According to the majority, this case "is in the grey territory where the policy's broad language becomes ambiguous as applied to these unique facts." Although the insurer has a reasonable argument for excluding coverage of the other victims' claims, the insured also has a reasonable argument for not excluding them. Accordingly, under the general principles of Indiana insurance law—including that ambiguous policy language is construed against the insurer, especially when it comes to policy exclusions—the insured, USAG, prevailed on this point.
On this point, however, Justice Brennan dissented. According to Justice Brennan, court decisions interpreting "related" in insurance policies across a wide variety of contexts support the conclusion that the wrongful conduct exclusion's language is unambiguous and applies to claims "based upon, arising from or in any way related to" Nassar's sexual abuse that was finally adjudicated in his guilty pleas and for which he was sentenced. Justice Brennan would conclude that the wrongful conduct exclusion applied to all the Nassar-related conduct, and thus, would require judgment be entered for Liberty.
Bodily Injury Exclusion
Liberty maintained that the bodily injury exclusion excluded the athlete lawsuits—a subset of the Nassar-related claims—asserted by hundreds of gymnasts seeking to hold USAG responsible for allowing the abuse to take place and causing them to suffer physical, mental, and emotional damage. The policy excludes claims "made against any insured for: (a) bodily injury, sickness, disease, death; or (b) emotional distress, mental anguish ..." But an exception provides that part (b) of the exclusion "shall not apply to any claim brought by or on behalf of any Third Person, or any past, present, or prospective Insured Person for an Employment Practices Wrongful Act." The bankruptcy court held that the bodily injury exclusion did not apply for multiple reasons, including because the exception specifies that the exclusion does not apply to emotional distress claims brought by third parties. The Seventh Circuit reviewed the bankruptcy court's summary judgment decision de novo.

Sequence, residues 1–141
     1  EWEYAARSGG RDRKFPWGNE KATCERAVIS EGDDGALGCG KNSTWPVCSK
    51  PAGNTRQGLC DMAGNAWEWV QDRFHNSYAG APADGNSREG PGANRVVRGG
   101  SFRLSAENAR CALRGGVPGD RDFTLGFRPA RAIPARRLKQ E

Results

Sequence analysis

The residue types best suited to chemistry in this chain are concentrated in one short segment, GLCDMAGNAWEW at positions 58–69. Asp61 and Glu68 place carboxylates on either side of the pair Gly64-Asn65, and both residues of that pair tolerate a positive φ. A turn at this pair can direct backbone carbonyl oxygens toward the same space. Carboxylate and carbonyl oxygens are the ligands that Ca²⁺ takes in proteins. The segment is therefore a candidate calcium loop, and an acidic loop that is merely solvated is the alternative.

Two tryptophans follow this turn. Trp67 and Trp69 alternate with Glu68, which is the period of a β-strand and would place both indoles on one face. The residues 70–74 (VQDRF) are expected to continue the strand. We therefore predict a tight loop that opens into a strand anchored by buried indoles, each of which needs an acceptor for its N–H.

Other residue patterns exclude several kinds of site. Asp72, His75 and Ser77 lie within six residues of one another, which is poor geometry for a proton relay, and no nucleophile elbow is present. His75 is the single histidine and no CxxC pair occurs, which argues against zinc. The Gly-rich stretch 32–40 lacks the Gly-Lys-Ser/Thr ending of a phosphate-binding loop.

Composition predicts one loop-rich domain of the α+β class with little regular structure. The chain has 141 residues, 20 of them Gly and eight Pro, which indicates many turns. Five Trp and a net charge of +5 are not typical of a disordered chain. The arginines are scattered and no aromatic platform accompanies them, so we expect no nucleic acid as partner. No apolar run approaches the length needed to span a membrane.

According to the panel, the exception to the bodily injury exclusion requiring coverage for an Employment Practices Wrongful Act was written broadly and should be applied broadly, leaving Liberty with the duty to defend the athlete lawsuits seeking relief for emotional distress and/or mental anguish. Liberty never raised the argument that the exception applies only to third-party emotional distress claims for an Employment Practices Wrongful Act before the bankruptcy court.
Coverage for Investigations
Another disputed issue was whether the policy covered claims for non-compulsory investigations and information gathering that did not specifically allege USAG committed a wrongful act. Two issues comprised this disagreement: whether the Congressional and USOPC investigations were "formal investigations" or "formal proceedings" such that they satisfy the definition of a "claim" under the policy; and whether the White deposition and investigation matters were "for a Wrongful Act." The bankruptcy court ruled that the investigations were formal and therefore claims, but it did not speak to the second issue.
The panel determined that the congressional and USOPC investigations were "formal proceedings" or "formal investigations." The claims made in those proceedings were adversarial, and they raised the specter of misconduct by USAG, resulting in very serious harm to hundreds of girls and women. "Formal" has been defined as "[o]f, relating to, or involving establishing procedural rules, customs, and practices." "Formal" does not have to mean coercive, but instead can refer to the investigation being carried out according to established rules and procedures, which these investigations were. The panel also determined that the various investigations involved wrongful acts.
In addition to an overall liability limit of $5 million, the policy included a $250,000 sublimit endorsement for Third Party Employment Practices Liability ("Third Party EPL"). The bankruptcy court found that the sublimit did not apply because the policy did not define "Third Party EPL" and was ambiguous and without legal effect. The panel, however, agreed with Liberty that "Third Party EPL," although not defined in the policy, is a term of art in the insurance industry. The bankruptcy court incorrected refused to consider evidence offered by Liberty to interpret this endorsement. With this type of insurance term of art, used in a policy in which the parties have a history of negotiating the terms of coverage, parol evidence should be allowed and considered.
Accordingly, the case was reversed and remanded to the district court and bankruptcy court for further proceedings.
USA Gymnastics v. Liberty Insurance Underwriters, Inc., No. 20-1245, 2022 U.S. App. LEXIS 5185 (7th Cir. Feb. 25, 2022).